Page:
So understanding these many hospital-based patient care areas is only a part of the story.
Ambulatory (Clinic) Based Locations
In the Ambulatory (Clinic) based locations, you can find a lot of ambulatory clinics, along with sometimes some remote radiology services, blood draw services, and even some procedural and infusion services. For example, you’ll commonly see Primary Care and clinics including:
- Neonatology/Maternal Fetal Medicine
- General Pediatrics
- Medicine – includes General Internal Medicine, Geriatrics, Cardiology (General non-invasive and invasive/interventional), Endocrinology, Gastroenterology, Pulmonary/Sleep Medicine, and Rheumatology.
- Neurology – General and Movement Disorders
- Surgery – General, Neurosurgery, Ophthalmology, Plastics, Otolaryngology (Ear, Nose, & Throat), and Orthopedics (Bone & Joint)
- Maternal Fetal Medicine
- Psychiatry – General Adult and Pediatric/Adolescent
- Dermatology – General Dermatology and Mohs Surgery
- Hematology and Oncology (often divides up into several specialty subdivisions of care)
- Radiation Oncology
- Genetics Counseling
- Physical Therapy
- Occupational Therapy
- Speech Therapy
- Anesthesiology / Perioperative Medicine
- Urgent Care
And more! Although they are generally only open during business hours, these ambulatory clinics provide a tremendous amount of care to a tremendous number of patients, and often have acuity, complexity, and safety issues on par with the hospital-based areas.
Offsite (Nursing Home) or Home Care Locations
For our final stop in our tour of the ‘House of Healthcare,’ we’ll be stopping at the nursing-home and patient-home-based care. Yes, house visits still exist! These are growing areas for many healthcare institutions, and especially since COVID, this segment is only expected to grow in the near future. It often requires providers with unique documentation/billing practices, but this is an important source of care for hospice, homebound, and nursing home patients.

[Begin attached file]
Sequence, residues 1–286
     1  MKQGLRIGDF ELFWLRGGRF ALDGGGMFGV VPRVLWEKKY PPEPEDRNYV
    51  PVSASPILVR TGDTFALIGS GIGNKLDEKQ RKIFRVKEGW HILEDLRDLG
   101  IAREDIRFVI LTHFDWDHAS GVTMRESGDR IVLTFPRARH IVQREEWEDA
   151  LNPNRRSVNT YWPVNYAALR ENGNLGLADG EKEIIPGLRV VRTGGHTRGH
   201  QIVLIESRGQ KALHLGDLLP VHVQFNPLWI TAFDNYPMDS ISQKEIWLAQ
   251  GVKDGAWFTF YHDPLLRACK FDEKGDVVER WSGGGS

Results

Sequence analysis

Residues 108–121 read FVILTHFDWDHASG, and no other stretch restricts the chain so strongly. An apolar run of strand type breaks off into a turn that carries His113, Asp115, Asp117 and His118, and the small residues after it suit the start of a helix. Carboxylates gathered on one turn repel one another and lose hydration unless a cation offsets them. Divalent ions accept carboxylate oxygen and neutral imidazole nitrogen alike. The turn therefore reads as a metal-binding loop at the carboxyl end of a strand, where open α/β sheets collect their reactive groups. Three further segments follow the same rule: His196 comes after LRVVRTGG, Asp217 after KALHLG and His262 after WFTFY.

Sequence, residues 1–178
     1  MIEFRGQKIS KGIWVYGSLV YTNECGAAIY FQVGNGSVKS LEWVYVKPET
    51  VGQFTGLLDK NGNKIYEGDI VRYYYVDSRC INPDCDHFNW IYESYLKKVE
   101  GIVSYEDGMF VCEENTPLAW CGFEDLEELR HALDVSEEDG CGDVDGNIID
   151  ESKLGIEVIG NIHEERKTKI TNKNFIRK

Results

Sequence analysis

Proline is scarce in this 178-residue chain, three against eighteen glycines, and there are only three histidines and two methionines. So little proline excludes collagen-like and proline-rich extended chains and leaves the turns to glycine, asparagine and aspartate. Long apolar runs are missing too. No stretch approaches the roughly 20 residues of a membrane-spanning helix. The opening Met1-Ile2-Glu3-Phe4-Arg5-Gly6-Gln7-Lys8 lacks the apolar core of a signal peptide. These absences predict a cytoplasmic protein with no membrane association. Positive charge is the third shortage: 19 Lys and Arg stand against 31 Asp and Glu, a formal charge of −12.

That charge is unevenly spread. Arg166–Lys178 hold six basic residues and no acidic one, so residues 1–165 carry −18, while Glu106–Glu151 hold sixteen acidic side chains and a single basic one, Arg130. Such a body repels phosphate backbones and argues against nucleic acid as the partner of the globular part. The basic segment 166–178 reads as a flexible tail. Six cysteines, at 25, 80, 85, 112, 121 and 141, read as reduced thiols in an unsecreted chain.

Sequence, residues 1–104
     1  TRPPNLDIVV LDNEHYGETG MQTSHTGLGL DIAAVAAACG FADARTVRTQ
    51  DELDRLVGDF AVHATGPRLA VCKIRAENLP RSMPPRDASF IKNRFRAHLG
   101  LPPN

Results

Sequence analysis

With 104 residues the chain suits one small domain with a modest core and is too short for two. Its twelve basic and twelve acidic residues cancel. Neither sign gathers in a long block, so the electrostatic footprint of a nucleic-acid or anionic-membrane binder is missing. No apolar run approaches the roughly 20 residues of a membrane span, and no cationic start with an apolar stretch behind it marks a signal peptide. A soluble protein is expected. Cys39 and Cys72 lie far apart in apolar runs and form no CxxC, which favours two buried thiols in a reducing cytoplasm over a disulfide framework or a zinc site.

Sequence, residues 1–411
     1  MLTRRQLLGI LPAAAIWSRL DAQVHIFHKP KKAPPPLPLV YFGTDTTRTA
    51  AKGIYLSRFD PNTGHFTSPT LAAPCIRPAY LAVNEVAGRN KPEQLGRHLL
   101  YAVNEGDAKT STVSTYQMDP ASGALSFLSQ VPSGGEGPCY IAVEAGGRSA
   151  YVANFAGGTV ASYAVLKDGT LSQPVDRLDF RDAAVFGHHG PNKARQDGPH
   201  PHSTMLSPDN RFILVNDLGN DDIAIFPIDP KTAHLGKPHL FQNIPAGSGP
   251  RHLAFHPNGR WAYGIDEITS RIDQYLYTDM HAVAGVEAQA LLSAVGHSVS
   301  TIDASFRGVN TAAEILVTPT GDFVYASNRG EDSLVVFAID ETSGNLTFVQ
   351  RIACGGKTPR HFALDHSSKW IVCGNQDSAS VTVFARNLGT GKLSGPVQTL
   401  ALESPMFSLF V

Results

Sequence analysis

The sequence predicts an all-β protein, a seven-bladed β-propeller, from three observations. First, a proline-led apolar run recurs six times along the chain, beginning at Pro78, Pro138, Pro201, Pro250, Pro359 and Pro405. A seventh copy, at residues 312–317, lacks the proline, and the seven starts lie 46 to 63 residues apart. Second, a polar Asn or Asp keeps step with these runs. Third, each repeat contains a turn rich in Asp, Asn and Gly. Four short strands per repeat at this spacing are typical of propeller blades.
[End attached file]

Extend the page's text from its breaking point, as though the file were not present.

Before we wrap up our walking tour, it’s important to note that Population Health is a growing trend, which ties reimbursement strategies to improved health and improved patient outcomes. While much of the focus is on outpatient/ambulatory clinics, it can also impact a number of hospital-based workflows, and so it’s important for everyone to understand the role that Population Health plays.
And for the particular segment that I work in (IT/Informatics), it’s important to note that there are essentially four IT/Informatics domains that cover the spectrum of a typical healthcare organization:
- Administrative (Enterprise) IT/Informatics (often includes Analytics/Data Governance, and infrastructure like servers, network architecture, security, interface management, hardware/software procurement, life cycle management, desktop/application management, etc.)
- Academic/Educational IT/Informatics
- Research IT/Informatics
- Clinical IT/Informatics
Each, of course, has its own unique language, culture, regulations, needs, and stakeholders.
I hope this has been a quick, helpful virtual tour of a typical healthcare organization. Remember, many organizations will vary slightly, based on mission and local financial, legal, or regulatory needs.